10:20 a.m. Check email. Get uninvited to a banquet I had been invited to with a friend. It’s complicated…yoiks and away!

10:30 Two preschool grandkids in PJ’s and rubber boots arrive to fetch a Diet Coke for a tired mommy four doors down. Caffeine source delivered, kids decide to stay and help grammy have a happy birthday…yoiks and… you get the picture.

11 a.m. Book Westjet flight for speaking event three weeks hence and email itinerary to event organizer…

11:01 a.m. Receive email from event organizer with apologies for telling me wrong date…

11:02 – 11:20 a.m. On hold with Westjet to change booking…

11:30 Youngest grandbaby and her mommy arrive. “Can we give baby a nap here while I run some errands?”

11:45 a.m Husband dashes in door. “I have 30 minutes. I can chop up the veggies and slice all the fish for sushi!” He removes the 2-year-old and the 4-year-old from the countertop and starts sharpening knives. Middle grandchild peels the skin off our eardrums with a shriek. What?! Did he get in the way of the flashing blades? No. The baby grabbed his toy and his world ended…

high noon: Second daughter takes first two darlings home to their mommy. I put her baby to bed…for the first time…

12:02 p.m. Son and girlfriend arrive for lunch break. “What’s on the back of your shorts mom?” I investigate. Apparently my “dancing with the stars” routine resulted in a large amount of blood being spattered on the backside of my snow-white walking shorts. I change into something black and put the shorts in cold water…

12:15 Put two-year-old future gymnast back in crib…

12:30 “Gwammy! I waked up!” says baby, as she staggers into the kitchen dragging a 10-lb diaper that does nothing to enhance our appetites as we try to cook pizza and chop salad…

12:35 Change criticial mass poopy diaper and put baby to bed again then blow a lung running for the telephone on another floor and catch it just in time. Too winded to talk…

12:50, 1:10, 1:30 hunt for bottle, refill bottle, find blankey, put baby back in crib with orders to stay there — wasted breath…

1:50 Try for the hundredth time to write a thoughtful, insightful, spiritual, truly helpful and possibly life-changing blog designed to help others follow God one yes at a time but it’s hard to type while repeatedly bashing into tree trunks….

1:59 Hear baby coming and smell second “offering” of the day just as phone rings. It’s her mommy. She’s on her way. I decide to ignore the evidence and save it for her mother. Things are looking up…

Moral of the story (added two weeks later): Keep swinging! We laughed, we sang, we ate sushi until we tipped over, we heard from the Word; we went for a walk and a group photo, I got a gorgeous bouquet and many hugs and wishes. I decided to celebrate my birthday the next day by doing only what I wanted to do. You can see the result here.

Posted in need a laugh?

Following the crowd can be a good thing

luggage I got off the plane in Calgary last night after a 4.5 hour flight from Ottawa and it felt good to stretch my legs. Even though I know my own airport well, I turned the wrong way when getting off the airplane. Instead of going to the baggage carousel I was inadvertently following the people in front of me who were looking for a connecting gate.
Stumbling along, very weary, I was haled by an Air Canada agent from a booth set up on the passageway, “Ma’am, would you like a bottle of water?” She held it out to me.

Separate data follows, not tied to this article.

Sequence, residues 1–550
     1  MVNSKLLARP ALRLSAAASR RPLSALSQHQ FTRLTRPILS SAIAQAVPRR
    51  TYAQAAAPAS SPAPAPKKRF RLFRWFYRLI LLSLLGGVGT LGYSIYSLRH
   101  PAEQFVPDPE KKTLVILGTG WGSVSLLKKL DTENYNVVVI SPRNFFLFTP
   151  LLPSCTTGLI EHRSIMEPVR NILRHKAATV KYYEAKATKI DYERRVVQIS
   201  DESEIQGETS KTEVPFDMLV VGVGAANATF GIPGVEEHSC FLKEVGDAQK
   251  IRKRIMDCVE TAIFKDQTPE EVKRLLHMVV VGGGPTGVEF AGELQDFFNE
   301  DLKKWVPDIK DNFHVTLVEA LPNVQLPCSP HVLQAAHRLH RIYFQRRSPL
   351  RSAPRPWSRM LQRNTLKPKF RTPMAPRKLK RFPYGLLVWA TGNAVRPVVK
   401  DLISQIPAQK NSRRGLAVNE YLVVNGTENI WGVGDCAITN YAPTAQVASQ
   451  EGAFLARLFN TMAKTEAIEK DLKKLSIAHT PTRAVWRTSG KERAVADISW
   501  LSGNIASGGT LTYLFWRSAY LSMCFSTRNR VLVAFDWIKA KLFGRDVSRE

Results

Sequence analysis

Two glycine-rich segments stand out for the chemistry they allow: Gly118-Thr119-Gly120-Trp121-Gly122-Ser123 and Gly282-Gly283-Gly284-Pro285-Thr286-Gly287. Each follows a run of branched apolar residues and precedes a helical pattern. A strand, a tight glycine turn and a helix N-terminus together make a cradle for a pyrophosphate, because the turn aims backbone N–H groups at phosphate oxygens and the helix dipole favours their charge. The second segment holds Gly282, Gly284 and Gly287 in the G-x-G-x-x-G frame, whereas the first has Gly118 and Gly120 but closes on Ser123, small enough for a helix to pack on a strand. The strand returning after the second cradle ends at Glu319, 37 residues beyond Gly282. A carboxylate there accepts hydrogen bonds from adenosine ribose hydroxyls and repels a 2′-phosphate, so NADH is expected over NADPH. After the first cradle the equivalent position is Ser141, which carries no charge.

I hesitated. Nothing’s free. I was tired and wanted to see my grandkids who were waiting for me at the baggage carousel. What was she trying to sell me by trapping me with a freebie?
“Sure,” I said because I couldn’t think of a polite way of refusing.
“I know you,” said the second Air Canada agent standing beside the one who had given me water. I detected an English accent.

“I’m flying too much if agents are starting to recognize me, ” I thought.

“Really? Who am I?” I asked, so tired, I wasn’t sure myself. (I still didn’t know I was going the wrong way.)
“You’re Connie Cavanaugh. I heard you speak a couple of years ago at a hotel in downtown Calgary.” She was smiling so I assumed she liked my speaking. That was encouraging.
I remembered that event, in particular, having lunch with a British woman who later contacted me via email and told me more of her story. But that woman had returned to the UK so this couldn’t be her, could it? Not sure, I asked anyway.
“Are you V. A.?”
“No, but I know who she is.”
At this point, the agent who had proffered the drink handed me a promotional envelope with a savings coupon for a future flight and asked me what I did.

Free water. Ten percent off my next flight. Things were looking up!

“I speak at Christian events, mostly for women, all over the Canada and the US. I’m just coming back from Brockville now and am so tired I don’t even know who I am.”
“You’re just coming back?” she asked and I nodded. “Well, you say you don’t know who you are, but it looks like you don’t know where you are either. The baggage carousel is the other direction!”
We all burst out laughing.

“I’ve been to a lot of those events to hear speakers,” she continued. “Too many.”
“Why do you say too many?” I asked.
“It hasn’t done any good.” She went on to ask me if I knew various speakers and sundry events but sadly, I did not connect with any of them. Then she said she was Catholic and many of the speakers were priests, brothers, or Catholic laypeople.

“I grew up Catholic,” I said. “And my oldest sister still attends the church. Have you heard of Alpha?”